BOOK REVIEW: In Search of the Blue Tiger (Robert Power, Transit Lounge)

Robert Power’s debut novel In Search of the Blue Tiger was shortlisted for the unpublished manuscript category of the Victorian Premier’s Literary Awards in 2008. Early promise has germinated into a significant work which perhaps falls between Life of Pi, Under Milk Wood and Gus Kuijer’s disturbing children’s novel, The Book of Everything. Oscar Flowers’ childhood is distorted by his parents’ violent fights. He believes they are animals in human form, were-animals, and finds consolation in his literal and metaphorical search for the blue tiger, which will enable him to become fearless and powerful. His quest leads him to the library where a special friendship develops with the sympathetic Mrs April. He also becomes the focus of insular twins, Perch and Carp Fishcutter, who embroil him in their Jehovah’s Witness cult of Armageddon and sacrifice. Other surreal experiences seem to be inspired by theosophy or mysticism. The narrative belies recent criticisms of literary fiction as being plotless. Oscar is swept into a compelling journey, relayed in part by his scrapbook of tiger legends and facts. The writing is subtle, connotative and composed. Its craftsmanship embraces and extends this audacious depiction of an escape from childhood.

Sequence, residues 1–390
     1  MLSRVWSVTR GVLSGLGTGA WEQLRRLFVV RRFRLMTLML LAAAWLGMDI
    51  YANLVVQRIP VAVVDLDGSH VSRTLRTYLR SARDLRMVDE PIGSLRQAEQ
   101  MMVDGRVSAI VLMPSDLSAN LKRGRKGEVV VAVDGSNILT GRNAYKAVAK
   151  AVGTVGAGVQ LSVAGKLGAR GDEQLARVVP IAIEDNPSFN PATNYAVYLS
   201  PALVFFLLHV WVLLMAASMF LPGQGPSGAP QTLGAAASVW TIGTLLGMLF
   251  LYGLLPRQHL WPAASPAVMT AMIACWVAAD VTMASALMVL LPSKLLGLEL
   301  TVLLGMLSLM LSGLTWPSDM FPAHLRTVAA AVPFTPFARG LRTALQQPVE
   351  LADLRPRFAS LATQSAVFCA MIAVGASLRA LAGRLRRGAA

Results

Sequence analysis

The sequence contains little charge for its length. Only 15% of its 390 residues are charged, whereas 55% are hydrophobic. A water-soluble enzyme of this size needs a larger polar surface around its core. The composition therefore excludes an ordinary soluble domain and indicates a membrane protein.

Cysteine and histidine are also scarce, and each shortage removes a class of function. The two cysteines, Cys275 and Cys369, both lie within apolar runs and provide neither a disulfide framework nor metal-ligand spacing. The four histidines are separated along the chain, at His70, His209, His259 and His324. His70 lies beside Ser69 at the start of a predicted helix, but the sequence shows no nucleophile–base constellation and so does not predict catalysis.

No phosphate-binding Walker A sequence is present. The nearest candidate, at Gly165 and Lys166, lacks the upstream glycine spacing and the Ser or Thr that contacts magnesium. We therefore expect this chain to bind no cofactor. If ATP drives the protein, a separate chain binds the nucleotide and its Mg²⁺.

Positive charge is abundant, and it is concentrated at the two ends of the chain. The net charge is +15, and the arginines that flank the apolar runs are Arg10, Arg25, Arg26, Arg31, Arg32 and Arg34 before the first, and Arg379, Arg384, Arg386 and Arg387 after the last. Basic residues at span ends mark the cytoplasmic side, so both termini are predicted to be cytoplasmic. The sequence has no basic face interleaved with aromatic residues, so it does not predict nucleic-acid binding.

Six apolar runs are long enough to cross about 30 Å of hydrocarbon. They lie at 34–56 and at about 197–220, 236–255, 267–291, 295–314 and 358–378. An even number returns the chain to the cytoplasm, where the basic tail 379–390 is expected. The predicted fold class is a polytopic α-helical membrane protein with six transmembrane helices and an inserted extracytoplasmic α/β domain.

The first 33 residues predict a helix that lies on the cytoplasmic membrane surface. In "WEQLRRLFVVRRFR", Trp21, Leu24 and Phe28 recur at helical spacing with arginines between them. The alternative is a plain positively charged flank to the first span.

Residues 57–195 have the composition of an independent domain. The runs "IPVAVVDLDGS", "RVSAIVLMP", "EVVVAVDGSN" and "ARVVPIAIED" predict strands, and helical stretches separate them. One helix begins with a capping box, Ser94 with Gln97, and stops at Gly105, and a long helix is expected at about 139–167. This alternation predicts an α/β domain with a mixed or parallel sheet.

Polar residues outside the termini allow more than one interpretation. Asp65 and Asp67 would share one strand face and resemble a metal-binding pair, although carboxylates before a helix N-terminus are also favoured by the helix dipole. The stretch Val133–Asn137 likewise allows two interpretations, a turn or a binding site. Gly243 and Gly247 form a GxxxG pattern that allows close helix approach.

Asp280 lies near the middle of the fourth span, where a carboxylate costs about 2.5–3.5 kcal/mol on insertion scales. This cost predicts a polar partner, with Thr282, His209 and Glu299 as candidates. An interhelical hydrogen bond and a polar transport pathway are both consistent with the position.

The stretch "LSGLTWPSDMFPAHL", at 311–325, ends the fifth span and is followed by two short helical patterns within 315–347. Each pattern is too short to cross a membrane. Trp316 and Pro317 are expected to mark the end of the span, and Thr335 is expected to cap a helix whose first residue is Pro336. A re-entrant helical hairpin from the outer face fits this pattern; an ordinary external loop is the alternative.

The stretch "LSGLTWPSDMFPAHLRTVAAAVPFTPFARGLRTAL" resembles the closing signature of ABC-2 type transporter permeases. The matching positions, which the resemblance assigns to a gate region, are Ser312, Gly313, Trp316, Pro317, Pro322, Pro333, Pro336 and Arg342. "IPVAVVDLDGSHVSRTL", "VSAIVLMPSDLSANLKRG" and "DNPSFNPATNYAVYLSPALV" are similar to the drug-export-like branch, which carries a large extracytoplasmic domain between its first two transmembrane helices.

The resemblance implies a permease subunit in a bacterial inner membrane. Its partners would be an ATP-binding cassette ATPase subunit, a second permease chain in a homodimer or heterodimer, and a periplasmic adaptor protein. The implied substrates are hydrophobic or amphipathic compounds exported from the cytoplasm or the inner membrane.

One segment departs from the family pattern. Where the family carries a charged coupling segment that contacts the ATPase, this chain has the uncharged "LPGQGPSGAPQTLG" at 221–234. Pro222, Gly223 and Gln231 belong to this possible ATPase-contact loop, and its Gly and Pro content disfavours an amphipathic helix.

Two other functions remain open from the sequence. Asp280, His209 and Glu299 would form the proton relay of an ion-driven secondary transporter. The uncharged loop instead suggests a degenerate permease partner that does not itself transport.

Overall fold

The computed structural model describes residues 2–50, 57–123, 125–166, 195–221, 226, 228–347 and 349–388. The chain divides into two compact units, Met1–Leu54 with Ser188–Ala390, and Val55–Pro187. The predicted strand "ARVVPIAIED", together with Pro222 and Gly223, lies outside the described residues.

Joy Lawn is a literature consultant at Coaldrake’s Bookshop in Brisbane. This review first appeared in the Summer issue of Bookseller+Publisher magazine.

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